The Great Crested Newt is protected by law in Schedule 5 of the Wildlife and Countryside 1981 Act making it illegal to:
- intentionally kill, injure or take a great crested newt
- intentionally or recklessly damage, destroy or obstruct access to any structure or place used for shelter or protection by a great crested newt
- intentionally or recklessly disturb a great crested newt while it is occupying a structure or place which it uses for that purpose
Further enhancing this protection is the EC Directive 92/43/EEC on the Conservation of Natural Habitats and of the Wild Fauna and Flora (the Habitats Directive 1992), Article 12, Regulation 39, which makes it an offence to:
- deliberately capture or kill a great crested newt
- deliberately disturb a great crested newt
- deliberately take or destroy the eggs of a great crested newt
- damage or destroy a breeding site or resting place of a great crested newt.
GCN (as they tend to be called in the ecology world) are the largest of the UK newts, with adult males growing to around 110mm and females up to 170mm. They are easily distinguished from the Smooth and Palmate Newts not only by their size, but also by their darker colouring, warty skin texture, and the distinctive jagged crest on the male from which they obtained their name.
A cold blooded amphibian, they hibernate as soon as the weather gets cold in Oct or November, hiding out in dense undergrowth under rocks and debris or in mammal burrows. The hibernation will last until there is sufficient external warmth for their bodies to get to operational temperature.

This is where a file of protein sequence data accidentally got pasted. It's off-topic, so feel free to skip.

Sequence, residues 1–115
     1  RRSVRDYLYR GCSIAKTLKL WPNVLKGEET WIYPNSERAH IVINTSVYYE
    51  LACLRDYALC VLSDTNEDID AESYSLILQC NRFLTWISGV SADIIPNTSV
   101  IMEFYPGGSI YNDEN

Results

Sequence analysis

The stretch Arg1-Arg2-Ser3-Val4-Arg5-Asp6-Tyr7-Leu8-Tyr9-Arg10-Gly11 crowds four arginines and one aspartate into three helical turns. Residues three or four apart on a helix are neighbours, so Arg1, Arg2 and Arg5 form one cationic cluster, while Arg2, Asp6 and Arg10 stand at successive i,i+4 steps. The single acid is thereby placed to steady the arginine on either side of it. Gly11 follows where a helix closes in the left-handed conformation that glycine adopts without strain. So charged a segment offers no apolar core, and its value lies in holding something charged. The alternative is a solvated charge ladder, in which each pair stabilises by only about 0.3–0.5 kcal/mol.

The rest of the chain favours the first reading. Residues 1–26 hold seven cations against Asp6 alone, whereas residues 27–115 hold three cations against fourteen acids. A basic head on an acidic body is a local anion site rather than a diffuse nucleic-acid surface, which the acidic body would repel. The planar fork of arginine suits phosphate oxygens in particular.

As soon as they are fully mobile, they will move from their hibernating habitat to a nearby pond, and likely one that they have been faithful to throughout their lifespan of up to 15 years. Here they will breed, with the female laying her eggs on water plants, carefully wrapping each egg in a leaf. Predation of eggs by fish is common, and therefore ponds where there are no fish are key Great Crested Newt breeding features.
Surveying for Newts is carried out both on land and in water, but the timing and methodology of these surveys is covered by extensive guidance by government organisations such as Natural England, and charities such as Froglife
The best time for surveying newt ponds is in the hours of darkness when the newts will more likely be at or near the surface. It is necessary to us a high powered torch with a long output time, such as the Cluson CB2 L2 or Clubman CB2 which are preferred choices for many ecologists. It is also possible to deploy new traps, usually in the form of newt bottles. These are simply a 2Litre PET soft drinks carton, with the top cut off and inverted. Holes are made in the bottle and a bamboo cane passed through in such a way that an air pocket is retained in the bottle. Newts enter the trap through the inverted top, and cannot find their way back out again. Trapping GCN is not permissible unless you have a licence and even then, only between March and June. In addition to bottle trapping, netting using specially designed dipping nets is also carried out.
Trapping GCN on land is done using pitfall bucket traps which are usually dug in to the ground adjacent to a newt fence. Or by hand searches through rock piles, under debris, or by using artificial refugia such as metal profile sheets, carpet tiles or squares of roofing felt.